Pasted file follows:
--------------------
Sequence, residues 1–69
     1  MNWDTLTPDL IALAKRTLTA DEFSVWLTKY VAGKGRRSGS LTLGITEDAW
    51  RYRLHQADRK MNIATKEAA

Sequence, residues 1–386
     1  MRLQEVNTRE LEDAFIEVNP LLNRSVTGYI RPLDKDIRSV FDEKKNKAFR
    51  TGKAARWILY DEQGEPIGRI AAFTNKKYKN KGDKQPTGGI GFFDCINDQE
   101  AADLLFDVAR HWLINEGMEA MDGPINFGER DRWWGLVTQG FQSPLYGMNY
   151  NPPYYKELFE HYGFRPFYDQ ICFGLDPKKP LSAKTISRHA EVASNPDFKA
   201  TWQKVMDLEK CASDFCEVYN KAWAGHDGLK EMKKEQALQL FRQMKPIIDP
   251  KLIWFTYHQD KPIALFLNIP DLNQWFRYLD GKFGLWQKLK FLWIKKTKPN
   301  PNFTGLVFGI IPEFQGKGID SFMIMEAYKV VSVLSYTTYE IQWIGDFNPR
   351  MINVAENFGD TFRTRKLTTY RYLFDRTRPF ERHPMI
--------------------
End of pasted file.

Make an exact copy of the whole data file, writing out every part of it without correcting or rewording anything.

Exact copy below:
Sequence, residues 1–69
     1  MNWDTLTPDL IALAKRTLTA DEFSVWLTKY VAGKGRRSGS LTLGITEDAW
    51  RYRLHQADRK MNIATKEAA

Sequence, residues 1–386
     1  MRLQEVNTRE LEDAFIEVNP LLNRSVTGYI RPLDKDIRSV FDEKKNKAFR
    51  TGKAARWILY DEQGEPIGRI AAFTNKKYKN KGDKQPTGGI GFFDCINDQE
   101  AADLLFDVAR HWLINEGMEA MDGPINFGER DRWWGLVTQG FQSPLYGMNY
   151  NPPYYKELFE HYGFRPFYDQ ICFGLDPKKP LSAKTISRHA EVASNPDFKA
   201  TWQKVMDLEK CASDFCEVYN KAWAGHDGLK EMKKEQALQL FRQMKPIIDP
   251  KLIWFTYHQD KPIALFLNIP DLNQWFRYLD GKFGLWQKLK FLWIKKTKPN
   301  PNFTGLVFGI IPEFQGKGID SFMIMEAYKV VSVLSYTTYE IQWIGDFNPR
   351  MINVAENFGD TFRTRKLTTY RYLFDRTRPF ERHPMI